The Escape: Songs of Terror

The Escape opens with Raphael Haffner, 78, English, Jewish, lover of cricket, jazz and women, hiding in a hotel wardrobe to observe a young woman named Zinka have sex with her boyfriend. To observe her boyfriend Niko suck at her nipples. Haffner is a retired banker visiting this Alpine resort town to reclaim his dead ex-wife’s villa but finds himself, as he always seems to find himself, at the center of a sexual farce. See, Zinka knows he’s in the cupboard — she has a thing for Haffner. And Frau Tummel, a middle-aged married German woman, has also fallen for Haffner’s good looks — the septuagenarian still has them.

English writer Adam Thirlwell likes to write about sex. His first novel, Politics, centered on the making and unmaking of a threesome and an excerpt from it landed him on Grantas Best Young British Novelists list in 2003. He’s also bright as can be and incredibly well-read — The Delighted States, his second book, was a luxurious, alternate history of the novel and ended with Thirlwell’s own translation of Nabokov’s Mademoiselle O.” It was a slow, strange thrill to read, like checking in a hotel somewhere you’ve never been and finding the staff is made up of your favorite dead writers. They know each other? They work together! They carry the bags to your room.

The Escape has the marks of both books. Itspostscript lists 49 writers whose works Thirlwell either quoted directly or adapted, including Kafka, Flaubert, Perec, Hitchcock, Tolstoy and Tupac. There’s sex but compared to Politics’ it’s less extravagant, though still chronicled by a theatrical narrator. The kind who addresses the reader as “dear reader” often enough to indicate a secret drinking game is at work.

The narrator reveals that he was born 60 years after Haffner, that he was a friend. As the book goes on, this information feels inadequate, as if a complete stranger had come for dinner, shared the great stories of your parents with you, then disappeared after dessert. The stories were good, now you need to know about the stranger.

The narrator invokes the aging libertine archetype, affectionately buttering his prose with the term Haffnerian, scrupulously reporting on old Haffner’s sexual triumphs, on his funny-sad-awesome mediocrity, in ways that a first person narrator could not. Or at least, could not without being written off as an asshole. And the narrator insists that Haffner is not entirely an asshole because he is many things. The chapter titles — Haffner Amphibious, Haffner Delinquent, Haffner Gastronomic, and so on — suggest the same.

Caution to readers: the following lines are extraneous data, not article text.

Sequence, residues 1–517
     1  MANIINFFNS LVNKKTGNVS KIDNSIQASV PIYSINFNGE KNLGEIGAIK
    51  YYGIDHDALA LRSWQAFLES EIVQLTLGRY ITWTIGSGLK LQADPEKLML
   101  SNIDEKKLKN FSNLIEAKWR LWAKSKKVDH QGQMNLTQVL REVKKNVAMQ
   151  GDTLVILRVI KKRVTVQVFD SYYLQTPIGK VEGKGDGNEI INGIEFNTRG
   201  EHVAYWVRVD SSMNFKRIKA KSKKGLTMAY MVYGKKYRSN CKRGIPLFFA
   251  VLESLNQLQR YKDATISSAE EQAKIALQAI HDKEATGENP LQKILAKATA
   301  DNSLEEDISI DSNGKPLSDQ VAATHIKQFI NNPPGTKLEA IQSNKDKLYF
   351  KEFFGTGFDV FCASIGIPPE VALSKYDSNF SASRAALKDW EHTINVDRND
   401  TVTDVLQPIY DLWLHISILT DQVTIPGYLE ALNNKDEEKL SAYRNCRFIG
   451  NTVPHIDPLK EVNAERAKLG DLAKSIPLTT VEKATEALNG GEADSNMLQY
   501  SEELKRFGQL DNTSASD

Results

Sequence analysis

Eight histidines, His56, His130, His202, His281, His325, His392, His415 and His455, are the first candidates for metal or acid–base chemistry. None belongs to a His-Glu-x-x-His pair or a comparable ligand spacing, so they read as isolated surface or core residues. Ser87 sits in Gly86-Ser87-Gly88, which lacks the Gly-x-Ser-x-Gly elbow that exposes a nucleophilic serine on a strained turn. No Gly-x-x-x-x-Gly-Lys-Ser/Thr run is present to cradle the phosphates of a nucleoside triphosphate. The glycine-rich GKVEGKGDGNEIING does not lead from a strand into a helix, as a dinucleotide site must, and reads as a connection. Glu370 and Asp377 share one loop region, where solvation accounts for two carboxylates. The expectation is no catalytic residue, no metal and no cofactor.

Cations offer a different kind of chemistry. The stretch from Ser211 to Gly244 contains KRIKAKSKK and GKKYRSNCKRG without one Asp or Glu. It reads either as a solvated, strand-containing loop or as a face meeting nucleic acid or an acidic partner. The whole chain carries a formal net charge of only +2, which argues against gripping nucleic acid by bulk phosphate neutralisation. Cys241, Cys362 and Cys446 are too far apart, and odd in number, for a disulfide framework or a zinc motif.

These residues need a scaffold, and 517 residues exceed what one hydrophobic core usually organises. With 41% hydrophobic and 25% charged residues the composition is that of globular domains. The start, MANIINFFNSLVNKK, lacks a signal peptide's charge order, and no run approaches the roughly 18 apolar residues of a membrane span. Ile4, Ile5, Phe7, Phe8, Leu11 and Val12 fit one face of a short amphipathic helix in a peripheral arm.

Haffner is most lovable, least cartoonish, when his religious, overweight, hip-hop-loving grandson Benji turns up unannounced, half way through the novel, seeking romantic counsel from his grandfather. The two enjoy an epic Chinese dinner together and talk Jewishness, women, hip hop — Benji is crushing on the immigrant French hip hop of turn of the century Marseilles and desperately wants Haffner to understand why. To hear what he hears.

After dinner, the plot has to move forward. Will Haffner get back his dead ex-wife’s house? Which female contestant will win this man of great sexual appetite by tying him up and penetrating him with a lubricated candlestick? The narrator, that know-it-all, revealed in the first few pages that this adventure in the center of Europe was Haffner’s finale. One can’t help but wish that the two heroes would stay in the sanctuary of the Chinese restaurant and eventually, maybe, love each other instead of loving the versions of each other they used to love. Instead, though Benji asks him not to, Haffner goes to his potentially dangerous business meeting good and drunk, running Cole Porter lines like prayer.

Haffner is unfamiliar with the song that haunts his grandson, Mourir 1000 Fois. Benji thinks it’s about terror, the final countdown, the violence of some foreign gangster fantasy. Truth is, Oxmo Puccino, Parisian by way of Mali, certified bad ass, blessed with smarts, swagger, the meaty voice of a French Biggie, considers love. Considers the necessary, futile task of clinging to who and what one loves in the face of death. Love is gold, Ox says. And that’s why a man can die a thousand ways, a thousand times — so many Haffners, so many deaths.

Listen to the song from 1998, it thumps slowly, a little out of time, like an old heart. The opening lyrics translated:

I’m afraid of death, I know,
I’ve seen it spell my name, call my friends,
I never saw them again, I’m afraid that without me
life will go its course, some other cunt will get the cash.

Listen to Oxmo’s 2009 album here, and see Thirlwell read with Gary Shteyngart at the Lincoln Triangle Barnes & Noble on April 5th.

Tejal Rao is a writer from Northwest London.

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